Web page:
On the video side of things, the Samsung Galaxy S10 and S10+ are also very capable. Switching between the three lenses while recording video is a real treat, while the new Super Steady mode that uses the ultra-wide angle lens produces very, very smooth-looking videos without the use of a gimbal. Samsung has also added the option to shoot HDR10+ video with the Galaxy S10 series. Having this option enabled produces footage with a bit more detail in the highlights. Compatibility could be an issue, however. Videos you’ve recorded in HDR10+ look fine on the phone’s screen, but Instagram can’t process their colors correctly and Facebook Messenger fails to share them at all. The HDR10+ option is disabled by default and should be enabled only by folks who know what it does.
Google Pixel 3 and Pixel 3 XL
On the hardware side of things, the Pixel 3 and Pixel 3 XL both pack 12.2 MP sensors in their main cameras with f/1.8 aperture and optical image stabilization. Google has again foregone the inclusion of a dual-camera setup, calling such hardware “unnecessary” due to what can be achieved with machine learning (i.e. portrait shots). That said, however, the Pixel 3 and Pixel 3 XL boast dual-cameras on the front, with a second, wide-angle 8MP shooter added to the mix.
iPhone XS and XS Max
Apple’s new Smart HDR leverages the power of multiple technologies — including the upgraded Image Signal Processor (ISP), the improved CPU, and advanced algorithms — to vastly enhance dynamic range in photos, without making them look artificial. But what’s more Smart HDR also works when shooting pictures of moving objects. In order to achieve this, the camera has to shoot a four-frame buffer of the scene, so it can freeze the motion in the frame. Then, the A12 Bionic chip moves in to capture secondary frames at the same time, but these are at different exposure levels and are used to bring out details in the highlights and shadows. But that’s not all. Smart HDR also shoots a long exposure during all that, so it can pay special attention to the shadows and possibly restore even more detail. Of course, this would vary on a per-scene basis, but could be especially useful in high-contrast scenes where you have bright highlights and deep shadows.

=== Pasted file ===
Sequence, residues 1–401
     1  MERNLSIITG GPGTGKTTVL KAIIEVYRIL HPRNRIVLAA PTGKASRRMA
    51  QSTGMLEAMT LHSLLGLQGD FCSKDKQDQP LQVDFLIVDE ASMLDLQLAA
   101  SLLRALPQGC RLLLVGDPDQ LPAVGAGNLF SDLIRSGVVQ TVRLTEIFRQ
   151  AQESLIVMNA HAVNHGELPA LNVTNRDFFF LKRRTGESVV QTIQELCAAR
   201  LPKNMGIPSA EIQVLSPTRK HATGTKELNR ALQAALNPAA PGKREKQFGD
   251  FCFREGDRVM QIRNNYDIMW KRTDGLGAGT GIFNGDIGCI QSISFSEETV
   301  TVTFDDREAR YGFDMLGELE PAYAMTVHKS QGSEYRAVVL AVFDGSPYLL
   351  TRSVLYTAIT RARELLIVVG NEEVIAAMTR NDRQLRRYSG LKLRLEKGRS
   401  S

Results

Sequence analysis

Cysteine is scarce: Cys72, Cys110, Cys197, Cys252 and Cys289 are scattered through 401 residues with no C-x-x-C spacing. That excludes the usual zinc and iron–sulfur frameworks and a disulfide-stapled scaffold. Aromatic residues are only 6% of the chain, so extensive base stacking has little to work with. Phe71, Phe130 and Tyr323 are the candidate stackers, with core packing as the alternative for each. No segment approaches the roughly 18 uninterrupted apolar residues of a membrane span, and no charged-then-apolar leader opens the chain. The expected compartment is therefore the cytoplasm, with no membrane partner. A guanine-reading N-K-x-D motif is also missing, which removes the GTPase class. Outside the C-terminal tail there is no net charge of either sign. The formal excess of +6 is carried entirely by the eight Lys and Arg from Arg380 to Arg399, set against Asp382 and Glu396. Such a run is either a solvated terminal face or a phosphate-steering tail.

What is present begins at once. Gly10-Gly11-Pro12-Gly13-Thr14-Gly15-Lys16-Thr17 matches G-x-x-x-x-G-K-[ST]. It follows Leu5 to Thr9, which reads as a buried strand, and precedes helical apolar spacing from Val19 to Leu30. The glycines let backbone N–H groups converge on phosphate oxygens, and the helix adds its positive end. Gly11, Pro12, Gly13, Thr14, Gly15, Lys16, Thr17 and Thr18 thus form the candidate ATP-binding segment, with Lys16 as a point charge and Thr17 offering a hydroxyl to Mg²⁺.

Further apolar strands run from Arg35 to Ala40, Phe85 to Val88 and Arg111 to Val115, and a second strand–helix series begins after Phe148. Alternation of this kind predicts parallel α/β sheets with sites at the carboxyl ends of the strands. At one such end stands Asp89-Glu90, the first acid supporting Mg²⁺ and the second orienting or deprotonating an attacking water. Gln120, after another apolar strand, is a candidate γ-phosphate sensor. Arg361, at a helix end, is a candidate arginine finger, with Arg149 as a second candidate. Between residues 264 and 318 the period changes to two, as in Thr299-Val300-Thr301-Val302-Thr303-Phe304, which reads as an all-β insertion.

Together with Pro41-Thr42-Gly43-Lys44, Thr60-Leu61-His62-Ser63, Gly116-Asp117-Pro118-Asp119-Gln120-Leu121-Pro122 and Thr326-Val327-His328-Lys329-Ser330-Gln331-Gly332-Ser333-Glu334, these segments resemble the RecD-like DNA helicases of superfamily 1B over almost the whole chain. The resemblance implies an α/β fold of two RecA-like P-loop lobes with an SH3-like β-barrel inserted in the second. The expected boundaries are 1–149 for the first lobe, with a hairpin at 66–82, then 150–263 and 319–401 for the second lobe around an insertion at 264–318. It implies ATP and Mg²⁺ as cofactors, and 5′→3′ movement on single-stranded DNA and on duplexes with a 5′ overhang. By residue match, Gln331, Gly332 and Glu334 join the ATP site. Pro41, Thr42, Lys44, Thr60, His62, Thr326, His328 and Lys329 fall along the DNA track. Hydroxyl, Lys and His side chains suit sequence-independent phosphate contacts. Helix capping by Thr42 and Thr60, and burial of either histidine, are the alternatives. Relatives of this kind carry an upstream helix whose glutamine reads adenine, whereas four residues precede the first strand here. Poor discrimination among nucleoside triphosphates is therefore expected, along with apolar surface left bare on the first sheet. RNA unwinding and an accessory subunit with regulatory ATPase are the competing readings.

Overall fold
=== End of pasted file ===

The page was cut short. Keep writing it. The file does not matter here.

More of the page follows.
But wait, there’s more! After all of this is done, which doesn’t take long (zero shutter lag, remember?), Smart HDR then takes all the images, analyzes them, and decides how to match up the best parts of the best photos for the best possible result.
Aside from the seriously impressive Smart HDR mode, the iPhone XS and XS Max also come with improved Portrait Mode. Object separation has been improved from the X, as well as the quality of the “actual” bokeh itself. Furthermore, Apple has taken a page of Huawei’s book and now lets you adjust the quantity of background blur after you’ve taken the picture.
Samsung Galaxy Note 9
The Samsung Galaxy Note 9 is an all around great performer. It is equipped with a traditional wide-angle camera and a telephoto lens for lossless optical magnification, but the two snappers also work together to create a shallow depth of field effect when shooting in “Live Focus” mode, which is Samsung’s answer to Portrait Mode. The Note 9 is arguably just as good as the Galaxy S10 and the S10+ in terms of image quality, with the its lack of an ultra-wide angle camera being the only drawback when comapred to Samsung’s latest flagship phones.
Furthermore, the Galaxy Note 9 is one of the best smartphones for low-light photography out there, overshadowed only perhaps by the Google Pixel 3 and the Huawei P30 Pro. It’s performance during the day is also excellent, although Samsung’s post-processing algorithms are a bit on the heavy side at times, and the auto white balance assessment is not always spot-on. Images from the Note 9 may at times appear a bit oversaturated, but for those of you who want to get into the nitty gritty of it, the stock camera app offers an elaborate manual mode that lets you fine-tune the results.
As far as low light photography is concerned, the Note 9 is an absolute powerhouse, producing sharp, clean-looking images in poor lighting conditions where most of the competition fails to deliver decent results.